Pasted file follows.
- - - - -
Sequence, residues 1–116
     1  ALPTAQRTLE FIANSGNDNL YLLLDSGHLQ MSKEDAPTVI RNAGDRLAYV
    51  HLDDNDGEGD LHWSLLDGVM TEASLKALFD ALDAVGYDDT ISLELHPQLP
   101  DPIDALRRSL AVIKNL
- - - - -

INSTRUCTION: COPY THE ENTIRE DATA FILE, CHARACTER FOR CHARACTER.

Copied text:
Sequence, residues 1–116
     1  ALPTAQRTLE FIANSGNDNL YLLLDSGHLQ MSKEDAPTVI RNAGDRLAYV
    51  HLDDNDGEGD LHWSLLDGVM TEASLKALFD ALDAVGYDDT ISLELHPQLP
   101  DPIDALRRSL AVIKNL